Had political journalists not been so distracted by the so-called “co-governance” arrangements built into the Three Waters proposal, the credit-rating agency’s stipulations would have pointed clearly to the project’s ultimate goal. What could be easier to privatise than a stand-alone, financially “independent” entity, slowly sinking beneath an insupportable burden of foreign debt?
Before that point could be reached, however, the whole process had to be turned into a hot mess of White Supremacists versus De-Colonisers. In this regard, the Three Waters legislation’s author, Nanaia Mahuta, could hardly have performed more obligingly. The deeper the project’s critics dug into the details of the legislation, the more evidence they found for the argument that Three Waters was all about the indigenisation of Aotearoa-New Zealand’s water. Not the least important feature of the legislation in this regard were the “Te Mana o Te Wai” statements – directives relating to both the public and private use of water that have the force of law, and that only Māori can issue!
Among the most vocal critics of Three Waters has been the radically neoliberal Act Party. Its active participation in the debate raises an intriguing (and potentially worrying) question. Is Act just another dupe of the foreign investors’ bait-and-switch operation, or is it surreptitiously giving them a helping hand? Act has always been a strong advocate of privatisation – an objective that would be made considerably easier by thoroughly discrediting the option of indigenisation and, along with it, the whole idea of public ownership.
In an ironic twist to this story, the first person to realise the long-term privatisation agenda built-in to the Three Waters project may well have been Nanaia Mahuta herself. Certainly, it would explain the Minister’s panic-stricken, last-minute attempts (in collusion with the Greens) to entrench anti-privatisation provisions in her legislation. If this is what happened, then it is difficult to avoid feeling sorry for the Minister. She could not adequately explain why her drastic (and arguably unconstitutional) amendments were necessary, because to have done so would have been to acknowledge her stalking-horse role in a project most New Zealanders would have condemned as unconscionable.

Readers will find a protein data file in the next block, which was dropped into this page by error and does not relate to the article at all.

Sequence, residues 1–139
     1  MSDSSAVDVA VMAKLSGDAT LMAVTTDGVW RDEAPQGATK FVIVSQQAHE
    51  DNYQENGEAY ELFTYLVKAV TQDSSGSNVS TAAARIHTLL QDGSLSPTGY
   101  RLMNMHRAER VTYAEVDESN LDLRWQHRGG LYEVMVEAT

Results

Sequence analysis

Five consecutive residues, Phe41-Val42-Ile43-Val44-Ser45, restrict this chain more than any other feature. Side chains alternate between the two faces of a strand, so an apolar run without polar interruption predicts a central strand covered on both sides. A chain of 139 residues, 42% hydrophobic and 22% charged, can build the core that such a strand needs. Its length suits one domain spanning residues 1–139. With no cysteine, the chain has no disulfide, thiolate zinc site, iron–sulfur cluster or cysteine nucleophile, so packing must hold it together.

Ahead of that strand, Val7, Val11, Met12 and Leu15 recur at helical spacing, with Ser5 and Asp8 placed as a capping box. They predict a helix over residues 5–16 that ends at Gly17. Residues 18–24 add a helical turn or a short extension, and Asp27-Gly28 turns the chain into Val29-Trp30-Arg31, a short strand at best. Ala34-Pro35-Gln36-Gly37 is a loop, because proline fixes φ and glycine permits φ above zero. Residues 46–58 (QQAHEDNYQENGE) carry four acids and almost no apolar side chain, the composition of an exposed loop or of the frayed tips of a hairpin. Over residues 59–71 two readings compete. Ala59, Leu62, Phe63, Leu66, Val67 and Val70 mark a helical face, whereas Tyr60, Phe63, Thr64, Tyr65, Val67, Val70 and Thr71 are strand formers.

One crucial outcome of the entrenchment debacle, however, is that Mahuta’s fellow ministers were no longer content to rely upon her assurances that Three Waters was a sound and necessary project. Accordingly, they took a much closer look at the legislation. In doing so, they could hardly avoid the alarming question: “Is there anything in this legislation to prevent Iwi corporations from entering into agreements that could ultimately facilitate the privatisation of one or more of the four Three Waters entities?”
The answer to that question will be indicated by just how decisively Prime Minister Hipkins rejects Three Waters. Getting rid of the co-governance provisions will not be enough. If the legislation continues to empower the four entities to take on debt that is ultimately redeemable out of the pockets of New Zealand’s ratepayers, then the momentum towards their ultimate sale to foreign investors will not be slowed. If that is Hipkins’ decision, however, then either he, or his successors, will eventually be confronted with the same sort of popular uprising that convulsed Bolivia.
And in that battle, Māori and Pakeha will be fighting shoulder-to-shoulder. Proof that caring for and managing the waters of Aotearoa-New Zealand is the responsibility of all its peoples – and theirs alone.
Chris Trotter is a political commentator who blogs at bowalleyroad.blogspot.co.nz.